I am not a woman who creates beautiful things, but I sincerely applaud and even turn a shade of green at the acknowledgement of those of you who are. In brainstorming for this post, I wanted to share the process of something beautiful I have created, but I honestly stared blankly into an empty portfolio. I could only think of one handsome apple pie I baked and the time – long ago – when Carson said, “Mama, I wish I could color as good as you” – the crowning compliment of my artistic ventures. Oh yeah, I did paint our cat’s water bowl and a soap dish in our bathroom (which is really meant to be a sushi dish). And I can strategically place tissue paper in a gift bag or basket and make it look adequate. That’s it, I’m afraid.
So, I confess. I cannot take a twig, a scrap of ribbon, a feather, a plum, a few fern fronds, and a piece of bubblegum and make a glorious centerpiece. I do not prepare meals that are aesthetically appealing. I am at a loss when it comes to decorating. I cannot sew. I am inept at arranging flowers. I do not grow beautiful things and have, therefore, relinquished that duty to my husband, who is much better at it than I am. I am unable to make a pleasant sound with my voice or any other instrument under the sun. I am not crafty, and I do not smock (is that even a real verb?). I am dangerous with a hot glue gun but not in a creative sense, and I cannot work magic with a spool of ribbon. I do not tie well-formed bows, not on a gift or a dress. Back in the day I seriously stopped buying dresses for my daughters that required me to tie a bow. Those two long strips of fabric on the sides of a dress taunted me and dared me to put my deficiency on display on the backsides of my darlings, and I refused and instituted my own personal boycott.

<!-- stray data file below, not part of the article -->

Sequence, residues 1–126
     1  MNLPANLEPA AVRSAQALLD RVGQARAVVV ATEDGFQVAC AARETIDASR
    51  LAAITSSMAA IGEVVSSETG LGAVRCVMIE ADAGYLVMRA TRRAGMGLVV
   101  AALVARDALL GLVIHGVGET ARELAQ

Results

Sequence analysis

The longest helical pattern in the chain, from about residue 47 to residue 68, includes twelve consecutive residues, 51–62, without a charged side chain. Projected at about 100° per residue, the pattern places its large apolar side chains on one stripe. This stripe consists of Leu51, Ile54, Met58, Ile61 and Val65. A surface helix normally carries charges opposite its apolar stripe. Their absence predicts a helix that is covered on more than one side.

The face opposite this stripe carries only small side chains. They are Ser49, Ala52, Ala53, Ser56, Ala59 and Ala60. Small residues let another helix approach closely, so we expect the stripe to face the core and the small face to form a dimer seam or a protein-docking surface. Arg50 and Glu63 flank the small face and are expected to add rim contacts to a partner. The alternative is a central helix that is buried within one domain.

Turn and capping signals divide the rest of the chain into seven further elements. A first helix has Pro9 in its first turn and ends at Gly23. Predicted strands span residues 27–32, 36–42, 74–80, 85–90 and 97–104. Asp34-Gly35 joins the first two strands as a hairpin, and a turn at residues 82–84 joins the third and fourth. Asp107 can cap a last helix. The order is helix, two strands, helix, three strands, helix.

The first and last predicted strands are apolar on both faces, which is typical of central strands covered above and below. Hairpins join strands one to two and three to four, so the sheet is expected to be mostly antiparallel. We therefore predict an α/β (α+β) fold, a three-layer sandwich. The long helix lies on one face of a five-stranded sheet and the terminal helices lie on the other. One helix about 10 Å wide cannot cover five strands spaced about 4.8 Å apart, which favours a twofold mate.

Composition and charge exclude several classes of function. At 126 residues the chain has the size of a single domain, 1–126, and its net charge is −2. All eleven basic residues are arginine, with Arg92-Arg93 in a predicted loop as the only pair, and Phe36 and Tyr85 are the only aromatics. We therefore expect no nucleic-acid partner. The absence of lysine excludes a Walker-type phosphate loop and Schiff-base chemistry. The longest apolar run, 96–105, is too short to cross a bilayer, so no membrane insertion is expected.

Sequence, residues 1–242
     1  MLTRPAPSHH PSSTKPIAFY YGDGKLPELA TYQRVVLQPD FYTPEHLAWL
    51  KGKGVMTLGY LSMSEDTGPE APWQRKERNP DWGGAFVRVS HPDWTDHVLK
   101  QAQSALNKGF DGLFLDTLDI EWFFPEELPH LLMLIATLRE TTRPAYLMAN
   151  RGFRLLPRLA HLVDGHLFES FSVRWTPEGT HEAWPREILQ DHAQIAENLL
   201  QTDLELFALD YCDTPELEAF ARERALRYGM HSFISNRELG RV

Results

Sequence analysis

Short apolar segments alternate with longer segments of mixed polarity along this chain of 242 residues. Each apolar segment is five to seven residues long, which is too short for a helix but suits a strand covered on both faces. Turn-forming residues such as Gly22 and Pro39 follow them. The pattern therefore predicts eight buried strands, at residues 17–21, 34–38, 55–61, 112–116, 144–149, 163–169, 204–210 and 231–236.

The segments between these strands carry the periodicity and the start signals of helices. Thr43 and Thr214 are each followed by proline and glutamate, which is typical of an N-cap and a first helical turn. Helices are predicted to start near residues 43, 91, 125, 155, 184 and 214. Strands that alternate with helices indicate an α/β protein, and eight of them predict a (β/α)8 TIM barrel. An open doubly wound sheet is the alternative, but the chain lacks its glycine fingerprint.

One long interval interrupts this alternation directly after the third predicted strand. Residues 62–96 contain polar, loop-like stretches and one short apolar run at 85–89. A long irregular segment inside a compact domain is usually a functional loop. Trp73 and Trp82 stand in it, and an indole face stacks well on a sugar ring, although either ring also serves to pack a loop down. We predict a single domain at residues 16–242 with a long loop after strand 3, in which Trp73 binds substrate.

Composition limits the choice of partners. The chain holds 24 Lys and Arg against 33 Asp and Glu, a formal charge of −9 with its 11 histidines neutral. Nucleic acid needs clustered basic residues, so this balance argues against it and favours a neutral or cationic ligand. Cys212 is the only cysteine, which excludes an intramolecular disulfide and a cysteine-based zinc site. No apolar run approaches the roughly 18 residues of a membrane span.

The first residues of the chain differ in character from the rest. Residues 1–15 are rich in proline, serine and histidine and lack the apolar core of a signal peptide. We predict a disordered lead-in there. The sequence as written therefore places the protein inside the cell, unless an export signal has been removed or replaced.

Furthermore, I have spent my life surrounded by women who are beauty engineers: my Nana, my mom, my stepmother, my aunt, my mother-in-law, great friends. They can work miracles with paint and pastries and photographs and flowers and baskets and bows, and they are generous enough to bail me out when my life has required something beautiful from me (creative art projects for school, home improvement projects, gifts, entertaining, etc…).
Lest I need therapy before I finish writing this, I have discovered my role here. I am a beholder. My life is richer because of the beauty that surrounds me – whether it’s lyrics and a beat that so precisely articulate my heart or candlelight or a Clemson sunset or the furious flapping of a hummingbird or the funky paintings hanging on the walls of a coffeehouse. I see it on the face of a smiling child, in the patterns and stitches of a quilt made by my Nana, in the lush wildness of an uninterrupted forest, and in a poignant photograph of people I don’t even know. My experience with beauty often shocks my system and causes me to catch my breath and stare; I am hungry to live in that state of wonder and awe regarding the beauty and complexity around me. I am content to be a beholder.
But I am more. I am the daughter of the Creator of beautiful things. All beauty and truth find their origin in Him, and He whispers that I am more. I am an object of beauty – not because of my appearance or my intelligence or even my goodness or kindness – simply because I’m His. Like any proud father, He gushes that He is “enthralled by [my] beauty” (Psalm 45:11) and yours. And I think that’s just beautiful…